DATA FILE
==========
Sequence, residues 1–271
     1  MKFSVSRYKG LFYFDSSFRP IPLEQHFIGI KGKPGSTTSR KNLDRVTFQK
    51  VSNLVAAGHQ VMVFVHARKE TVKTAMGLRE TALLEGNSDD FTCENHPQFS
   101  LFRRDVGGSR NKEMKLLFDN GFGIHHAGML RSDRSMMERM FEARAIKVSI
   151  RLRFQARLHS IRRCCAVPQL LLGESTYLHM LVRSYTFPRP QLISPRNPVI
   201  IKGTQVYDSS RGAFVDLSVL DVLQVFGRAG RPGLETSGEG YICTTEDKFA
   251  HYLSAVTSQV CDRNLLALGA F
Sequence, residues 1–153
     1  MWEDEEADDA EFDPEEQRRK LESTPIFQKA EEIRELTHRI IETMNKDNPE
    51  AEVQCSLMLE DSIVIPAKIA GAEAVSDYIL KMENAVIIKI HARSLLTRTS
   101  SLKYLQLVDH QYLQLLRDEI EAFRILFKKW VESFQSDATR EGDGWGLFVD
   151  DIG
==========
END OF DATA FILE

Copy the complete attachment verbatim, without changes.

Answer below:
Sequence, residues 1–271
     1  MKFSVSRYKG LFYFDSSFRP IPLEQHFIGI KGKPGSTTSR KNLDRVTFQK
    51  VSNLVAAGHQ VMVFVHARKE TVKTAMGLRE TALLEGNSDD FTCENHPQFS
   101  LFRRDVGGSR NKEMKLLFDN GFGIHHAGML RSDRSMMERM FEARAIKVSI
   151  RLRFQARLHS IRRCCAVPQL LLGESTYLHM LVRSYTFPRP QLISPRNPVI
   201  IKGTQVYDSS RGAFVDLSVL DVLQVFGRAG RPGLETSGEG YICTTEDKFA
   251  HYLSAVTSQV CDRNLLALGA F
Sequence, residues 1–153
     1  MWEDEEADDA EFDPEEQRRK LESTPIFQKA EEIRELTHRI IETMNKDNPE
    51  AEVQCSLMLE DSIVIPAKIA GAEAVSDYIL KMENAVIIKI HARSLLTRTS
   101  SLKYLQLVDH QYLQLLRDEI EAFRILFKKW VESFQSDATR EGDGWGLFVD
   151  DIG